burning in the sunlightEnraged she leaps at Broom, the momentum carrying them both through a curtain and a window into the dawn. Broom catches the balcony ledge as Erzsebet plummets through the sky, her body consumed by flames. It has all been a dreamed memory and Broom awakens. However, looking in the mirror he feels the back of his neck and has blood on his hand, he sees Erzsebet in the mirror. Hellboy enters and banters, once the demon has left the room Broom realises that his hand is clean but he knows something is afoot.

The genius of this is that, after this and scattered through the remaining film, we move back in time in flashback, rounding out the story and discovering the motivation of the characters. This adds a depth of dimension to them which is fantastically detailed.

In the modern day the BPRD (Bureau of Paranormal Research and Defense) agents are being sent on various missions. The final one is to a haunted house (the Hampton House) as a favour to billionaire Oliver Trombolt (J Grant Albrecht), a friend of a Senator. Knowing this is a publicity stunt they intend to only send new agent Sydney Leach (Rob Paulsen) but Broom intervenes and has Leach, himself, Hellboy, Abe and Liz Sherman (Selma Blair) all sent to the house, rather than their originally planned missions. Though he doesn’t share his reasons he carries garlic. Incidentally the comic I mentioned shows the mission Hellboy was meant to go on, which he does after the Hampton House

ErzsebetInvestigation of the house shows it is teeming with ghosts, but they all seem to be female, of Eastern European origin and asking for help. Broom reveals that they are all victims of Erzsebet, and realises that someone is trying to bring her back via the artefacts from her castle that Trombolt has bought.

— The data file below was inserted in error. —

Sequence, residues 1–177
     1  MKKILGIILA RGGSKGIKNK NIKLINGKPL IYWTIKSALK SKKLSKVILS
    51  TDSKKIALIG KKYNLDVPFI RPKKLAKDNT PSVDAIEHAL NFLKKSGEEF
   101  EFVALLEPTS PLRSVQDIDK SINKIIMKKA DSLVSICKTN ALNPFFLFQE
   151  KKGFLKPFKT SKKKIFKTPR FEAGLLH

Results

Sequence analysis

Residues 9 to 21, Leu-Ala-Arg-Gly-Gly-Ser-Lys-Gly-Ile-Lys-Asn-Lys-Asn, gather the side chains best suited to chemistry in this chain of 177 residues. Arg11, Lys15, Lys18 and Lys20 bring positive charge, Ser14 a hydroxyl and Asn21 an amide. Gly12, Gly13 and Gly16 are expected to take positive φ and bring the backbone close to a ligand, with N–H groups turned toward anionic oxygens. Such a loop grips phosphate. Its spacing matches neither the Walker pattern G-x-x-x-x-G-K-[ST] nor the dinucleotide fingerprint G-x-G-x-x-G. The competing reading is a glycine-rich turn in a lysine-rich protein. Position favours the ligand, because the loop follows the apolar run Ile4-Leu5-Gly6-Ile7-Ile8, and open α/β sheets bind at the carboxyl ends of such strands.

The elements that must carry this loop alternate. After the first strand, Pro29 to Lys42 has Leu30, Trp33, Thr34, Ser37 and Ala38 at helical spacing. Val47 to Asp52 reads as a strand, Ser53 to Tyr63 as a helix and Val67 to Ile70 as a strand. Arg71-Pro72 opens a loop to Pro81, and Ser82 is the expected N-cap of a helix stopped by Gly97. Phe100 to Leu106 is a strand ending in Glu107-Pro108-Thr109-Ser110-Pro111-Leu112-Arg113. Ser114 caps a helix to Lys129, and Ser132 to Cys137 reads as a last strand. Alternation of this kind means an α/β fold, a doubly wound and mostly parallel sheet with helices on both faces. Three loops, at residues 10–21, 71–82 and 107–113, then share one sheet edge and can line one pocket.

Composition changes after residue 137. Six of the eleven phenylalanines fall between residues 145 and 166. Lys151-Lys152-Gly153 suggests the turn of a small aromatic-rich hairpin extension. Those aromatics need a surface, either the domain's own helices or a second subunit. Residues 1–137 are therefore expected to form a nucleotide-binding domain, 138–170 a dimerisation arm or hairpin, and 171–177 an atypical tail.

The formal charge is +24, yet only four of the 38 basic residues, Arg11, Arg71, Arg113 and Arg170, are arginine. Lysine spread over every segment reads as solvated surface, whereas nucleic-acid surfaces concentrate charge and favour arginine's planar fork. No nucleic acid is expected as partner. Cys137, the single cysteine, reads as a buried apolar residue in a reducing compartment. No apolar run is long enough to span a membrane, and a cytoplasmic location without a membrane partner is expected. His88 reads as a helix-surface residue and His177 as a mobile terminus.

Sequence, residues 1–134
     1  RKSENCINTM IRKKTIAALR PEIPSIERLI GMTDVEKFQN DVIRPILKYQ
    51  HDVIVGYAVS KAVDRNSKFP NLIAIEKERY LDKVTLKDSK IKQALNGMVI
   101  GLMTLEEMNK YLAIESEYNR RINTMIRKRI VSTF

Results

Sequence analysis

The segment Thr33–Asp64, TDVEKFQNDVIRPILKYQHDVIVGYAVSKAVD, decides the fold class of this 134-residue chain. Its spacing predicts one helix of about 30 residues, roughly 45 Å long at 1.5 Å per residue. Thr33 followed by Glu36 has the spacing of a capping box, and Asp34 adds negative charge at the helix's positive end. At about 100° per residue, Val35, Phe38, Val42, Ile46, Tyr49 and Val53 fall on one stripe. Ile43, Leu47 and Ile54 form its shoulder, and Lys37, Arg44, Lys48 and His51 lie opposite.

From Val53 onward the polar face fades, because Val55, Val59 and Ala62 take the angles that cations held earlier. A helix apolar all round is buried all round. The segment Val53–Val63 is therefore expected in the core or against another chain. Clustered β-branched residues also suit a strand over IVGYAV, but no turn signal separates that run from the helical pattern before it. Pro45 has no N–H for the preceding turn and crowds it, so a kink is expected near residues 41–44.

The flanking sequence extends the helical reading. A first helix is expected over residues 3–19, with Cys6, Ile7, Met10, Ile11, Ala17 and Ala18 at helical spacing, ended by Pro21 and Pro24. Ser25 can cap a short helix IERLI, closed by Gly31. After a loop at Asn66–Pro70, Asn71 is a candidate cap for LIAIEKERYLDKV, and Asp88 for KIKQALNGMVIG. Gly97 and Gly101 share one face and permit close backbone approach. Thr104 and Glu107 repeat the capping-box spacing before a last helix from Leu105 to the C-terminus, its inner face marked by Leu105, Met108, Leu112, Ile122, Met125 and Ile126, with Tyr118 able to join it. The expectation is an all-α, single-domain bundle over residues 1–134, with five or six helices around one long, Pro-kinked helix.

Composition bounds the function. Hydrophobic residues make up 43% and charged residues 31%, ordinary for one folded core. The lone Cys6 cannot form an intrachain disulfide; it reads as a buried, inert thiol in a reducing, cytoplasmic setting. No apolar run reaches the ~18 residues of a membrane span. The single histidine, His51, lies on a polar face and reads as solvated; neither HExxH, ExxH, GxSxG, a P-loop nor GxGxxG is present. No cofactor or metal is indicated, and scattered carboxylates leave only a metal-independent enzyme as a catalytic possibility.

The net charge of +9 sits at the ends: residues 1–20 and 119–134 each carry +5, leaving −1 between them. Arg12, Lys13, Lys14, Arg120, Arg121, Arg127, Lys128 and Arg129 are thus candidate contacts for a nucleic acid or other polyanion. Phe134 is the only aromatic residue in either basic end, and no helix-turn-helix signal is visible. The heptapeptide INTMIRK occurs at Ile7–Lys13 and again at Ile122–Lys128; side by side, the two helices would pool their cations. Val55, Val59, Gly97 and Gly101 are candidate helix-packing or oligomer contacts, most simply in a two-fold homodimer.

We get more background on Erzsebet. Whilst alive she was obsessed with beauty and killed some 613 maidens to bathe in their blood, but her atrocities only became worse after she died and was raised as a vampire. We discover that she was a priestess of the Goddess Hecate (Cree Summer).

newly resurrectedNow, to a degree, this is where things do fall slightly flat. Erzsebet is indeed brought back but her return is for Broom to deal with. Thus something must be done by the filmmakers to distract Hellboy and that something is a fight against a manifestation of Hecate. This, in itself, is not a bad concept – it was Hecate observing him at the beginning – but there is no depth to it. I would say that, compared to the rich back story of the Erzsebet story it seems tagged on. However the bizarre part is the back story is the tagged on bit. This almost makes the film an accidental success.

Vampire lore is pretty standard. No reflection (the reflection at the beginning is part of a dream/vision remember), control of wolves, blood drinking, aversion to garlic, holy water and crosses (which are dependant on the bearer’s faith). They can be killed by stake or sunlight.

The voice acting works well, though perhaps the character Leach distracted from what is a fairly dark story as a newcomer and thus fairly wide eyed and innocent. The soundtrack is fitting to the piece. The actual animation works well, though I wouldn’t say it is the most attractive or stylistic I’ve ever come across.

detail from PenanggalanI mentioned extras on the DVD and there are two that deserve highlighting. You can access Professor Broom’s story, which is the back story from the film but in correct chronological order. There is also an e-comic called Penanggalan. Whilst it is somewhat short, and without a huge amount of depth, its nice to see this rare Malaysian vampire being highlighted.

All in all an entertaining animated feature with good depth – albeit accidentally. 7 out of 10.

A homepage for the animations is here.

The imdb page is here.